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How Vulnerability Assessments Strengthen Security

Regular vulnerability assessments, penetration testing, and social engineering testing are fundamental to good security

The process of vulnerability assessment is an in-depth evaluation of an organization's cybersecurity infrastructure, which includes networks, systems, hardware, software, and other information technology. The purpose is to identify vulnerabilities in these areas in order to prioritize and remediate them. Remediation prevents cybercriminals from exploiting an organization’s weaknesses to steal sensitive data and other digital assets. 

Most security-related regulations require annual risk assessments, which include vulnerability assessments. Some, such as the Payment Card Industry Data Security Standard, require vulnerability assessments to be performed quarterly to ensure optimum security.

Three Categories of Vulnerabilities

Vulnerabilities can be present in an organization in physical form, digital or electronic form, and social form. Following are a few examples in each category.

  • Physical vulnerabilities. Examples of physical vulnerabilities would be a hospital whose employees have left passwords to confidential information lying on a countertop or displayed openly on a computer monitor. Or company employees leaving an exterior door cracked open to avoid having to use their access cards when stepping out on break. Or an organization whose employees allow unfamiliar individuals to piggy-back on their keycard access to an entrance door.
  • Digital vulnerabilities. Electronic or digital vulnerabilities may take the form of an outdated firewall or other infrastructure that becomes less and less secure over time. Poor password policies, and unpatched software are other examples, along with losing a USB drive, tablet, or other digital device containing company information. Another example would be an employee sending a sensitive email to the wrong individual by mistake.
  • Social vulnerabilities. These consist of human weaknesses that enable hackers to socially engineer or “phish” their targets. For example, a hacker may employ false pretenses to manipulate a targeted employee, spoofing a legitimate source in an email. Think back a few years to the phony emails from DHL urging targeted employees to click the link provided to track the wayward package. In most cases, hackers take advantage of human vulnerabilities to obtain credentials to access sensitive information they can sell or exploit.

What a Vulnerability Assessment May Include

Vulnerability assessments may include different activities depending on their frequency or specific purpose. They can be customized to suit a variety of needs. When Vulnerability assessments help organizations detect and remediate security weaknesses planning a vulnerability assessment, it is important to understand the variables that influence the scope of a given assessment.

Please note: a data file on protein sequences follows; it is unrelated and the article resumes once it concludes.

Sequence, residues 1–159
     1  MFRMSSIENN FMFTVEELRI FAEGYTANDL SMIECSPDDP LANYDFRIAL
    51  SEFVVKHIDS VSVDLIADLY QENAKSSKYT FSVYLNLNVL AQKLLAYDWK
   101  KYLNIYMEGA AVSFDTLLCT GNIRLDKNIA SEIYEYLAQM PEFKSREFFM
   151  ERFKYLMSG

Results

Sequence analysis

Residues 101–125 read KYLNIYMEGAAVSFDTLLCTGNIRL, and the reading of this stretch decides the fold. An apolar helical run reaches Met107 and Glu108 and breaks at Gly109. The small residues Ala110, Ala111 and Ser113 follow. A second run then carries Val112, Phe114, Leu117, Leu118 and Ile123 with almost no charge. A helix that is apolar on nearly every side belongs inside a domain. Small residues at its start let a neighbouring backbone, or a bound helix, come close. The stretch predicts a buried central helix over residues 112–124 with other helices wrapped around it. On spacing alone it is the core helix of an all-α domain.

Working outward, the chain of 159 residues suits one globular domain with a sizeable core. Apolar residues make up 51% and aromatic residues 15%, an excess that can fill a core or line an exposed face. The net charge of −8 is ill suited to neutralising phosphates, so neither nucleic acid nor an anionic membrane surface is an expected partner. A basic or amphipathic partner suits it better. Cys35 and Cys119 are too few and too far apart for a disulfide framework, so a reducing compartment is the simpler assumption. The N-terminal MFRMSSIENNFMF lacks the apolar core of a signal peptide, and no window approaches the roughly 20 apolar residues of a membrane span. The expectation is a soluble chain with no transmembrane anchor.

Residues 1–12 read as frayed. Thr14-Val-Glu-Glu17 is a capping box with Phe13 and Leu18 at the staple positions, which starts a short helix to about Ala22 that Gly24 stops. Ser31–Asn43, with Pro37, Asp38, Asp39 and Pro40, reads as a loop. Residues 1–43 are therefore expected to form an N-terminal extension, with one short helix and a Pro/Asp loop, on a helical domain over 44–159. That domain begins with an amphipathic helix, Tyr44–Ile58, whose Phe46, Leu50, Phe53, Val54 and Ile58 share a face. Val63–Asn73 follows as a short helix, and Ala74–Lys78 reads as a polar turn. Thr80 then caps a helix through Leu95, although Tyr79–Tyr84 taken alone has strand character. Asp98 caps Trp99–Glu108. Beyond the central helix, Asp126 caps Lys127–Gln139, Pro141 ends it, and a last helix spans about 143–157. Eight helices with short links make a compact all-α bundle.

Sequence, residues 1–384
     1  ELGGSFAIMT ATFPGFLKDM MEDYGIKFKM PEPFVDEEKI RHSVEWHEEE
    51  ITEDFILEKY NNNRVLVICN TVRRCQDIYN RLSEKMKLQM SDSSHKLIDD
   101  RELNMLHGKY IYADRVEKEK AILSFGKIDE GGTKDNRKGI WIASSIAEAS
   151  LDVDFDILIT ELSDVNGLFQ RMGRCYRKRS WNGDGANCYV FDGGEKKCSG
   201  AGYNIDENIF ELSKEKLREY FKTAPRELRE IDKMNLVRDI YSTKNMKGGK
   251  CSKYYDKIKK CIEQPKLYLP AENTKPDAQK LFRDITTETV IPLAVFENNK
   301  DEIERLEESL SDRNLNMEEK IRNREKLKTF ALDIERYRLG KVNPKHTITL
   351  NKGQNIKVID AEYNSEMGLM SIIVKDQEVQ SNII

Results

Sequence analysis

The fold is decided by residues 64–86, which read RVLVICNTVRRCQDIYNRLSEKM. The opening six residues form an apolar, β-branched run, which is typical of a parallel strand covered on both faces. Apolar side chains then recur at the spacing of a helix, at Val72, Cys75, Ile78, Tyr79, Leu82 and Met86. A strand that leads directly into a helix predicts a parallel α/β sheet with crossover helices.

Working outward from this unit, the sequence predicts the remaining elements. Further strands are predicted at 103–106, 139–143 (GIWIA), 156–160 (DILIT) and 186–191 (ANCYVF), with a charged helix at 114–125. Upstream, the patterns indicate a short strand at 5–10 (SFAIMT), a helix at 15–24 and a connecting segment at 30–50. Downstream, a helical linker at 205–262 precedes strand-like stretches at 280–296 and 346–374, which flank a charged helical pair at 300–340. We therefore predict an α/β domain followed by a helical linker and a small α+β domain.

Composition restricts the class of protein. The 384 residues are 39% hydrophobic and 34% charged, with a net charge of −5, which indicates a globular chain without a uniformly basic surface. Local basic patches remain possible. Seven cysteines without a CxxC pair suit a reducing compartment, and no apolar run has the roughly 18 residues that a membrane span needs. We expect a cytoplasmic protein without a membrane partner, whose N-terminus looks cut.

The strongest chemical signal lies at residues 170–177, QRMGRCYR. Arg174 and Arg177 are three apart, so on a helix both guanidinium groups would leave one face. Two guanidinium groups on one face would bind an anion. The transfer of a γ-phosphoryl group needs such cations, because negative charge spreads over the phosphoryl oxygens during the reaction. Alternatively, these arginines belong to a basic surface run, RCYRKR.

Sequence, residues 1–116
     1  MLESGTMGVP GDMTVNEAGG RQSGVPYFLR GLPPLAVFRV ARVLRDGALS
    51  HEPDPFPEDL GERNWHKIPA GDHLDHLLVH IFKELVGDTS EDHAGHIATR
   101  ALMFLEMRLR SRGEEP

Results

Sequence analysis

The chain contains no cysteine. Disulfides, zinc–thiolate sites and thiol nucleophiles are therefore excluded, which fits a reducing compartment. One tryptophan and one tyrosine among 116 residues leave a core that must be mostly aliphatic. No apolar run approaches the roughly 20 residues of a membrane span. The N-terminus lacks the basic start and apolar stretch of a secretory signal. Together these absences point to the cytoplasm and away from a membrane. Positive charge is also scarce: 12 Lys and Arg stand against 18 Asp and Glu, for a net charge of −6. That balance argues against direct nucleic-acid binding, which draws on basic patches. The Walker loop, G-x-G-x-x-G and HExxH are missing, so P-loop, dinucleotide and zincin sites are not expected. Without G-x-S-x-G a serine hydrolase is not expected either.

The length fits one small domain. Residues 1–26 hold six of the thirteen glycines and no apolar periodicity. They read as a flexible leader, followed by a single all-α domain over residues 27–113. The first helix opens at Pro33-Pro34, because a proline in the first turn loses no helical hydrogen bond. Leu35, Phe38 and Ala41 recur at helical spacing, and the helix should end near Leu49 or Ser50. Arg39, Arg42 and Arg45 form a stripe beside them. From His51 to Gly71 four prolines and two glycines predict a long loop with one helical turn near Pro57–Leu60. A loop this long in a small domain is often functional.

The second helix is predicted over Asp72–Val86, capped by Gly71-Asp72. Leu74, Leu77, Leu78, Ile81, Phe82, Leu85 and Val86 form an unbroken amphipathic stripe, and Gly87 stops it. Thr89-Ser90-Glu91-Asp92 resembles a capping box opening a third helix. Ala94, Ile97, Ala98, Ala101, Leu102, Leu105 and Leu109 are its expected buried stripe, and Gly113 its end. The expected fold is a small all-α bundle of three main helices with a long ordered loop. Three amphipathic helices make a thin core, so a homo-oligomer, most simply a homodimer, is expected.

Typically, vulnerability assessments include the following services.

  • External and internal vulnerability scans

  • In-depth penetration testing

  • Social engineering testing, including phishing testing

  • Physical security testing

  • On-site or remote assessment and testing

Penetration Testing: Benefits for Your Organization

Any organization can benefit from regular penetration testing as part of their scheduled vulnerability assessments. Below are four advantages of pen tests specifically.

Human Engagement. Penetration testers perform as ethical hackers. Emulating cybercriminals, they try to penetrate your defenses, finding ways into your network by exploiting security gaps they discover. Due to the nature of their work, they acquire a unique view of your organization’s IT safeguards that routine, automated vulnerability scans cannot.

Range of Resources. Modern scanning tools can detect myriad vulnerabilities in known systems but may overlook vulnerabilities that are specific to a business. A skilled pen tester uses a range of automated tools and enhances them with real-world experience and training to achieve a complete look at your unique organization and its vulnerabilities.

Expertise and Experience. Security weaknesses can be greater than the sum of their parts when exploited in a particular sequence by a savvy attacker. An experienced pen tester has the human ability to connect the dots and to understand individual vulnerabilities in a larger context.

Detailed, Actionable Report of Findings. The product of any professional penetration testing is a report of findings and recommendations for remediating those weaknesses. Automated scanning tools may point out certain general solutions, but a report written by an experienced pen tester will describe remedial actions your organization can take to address each specific security issue.

In addition to these important benefits, penetration testing is available in several categories, as described below.

Types of Penetration Testing Available

Vulnerability assessments include penetration testing, which is available in several categoriesInternal and External Testing. Penetration testing includes internal and external testing. External penetration testing targets assets that are visible on the Internet (such as DNS, email, or company website), while internal penetration testing concentrates on the local area network or LAN and various intelligent devices connected to it. Internal testing has the advantage of helping to detect malicious or negligent insider activities as well as evidence of criminal hackers who may have embedded in the network.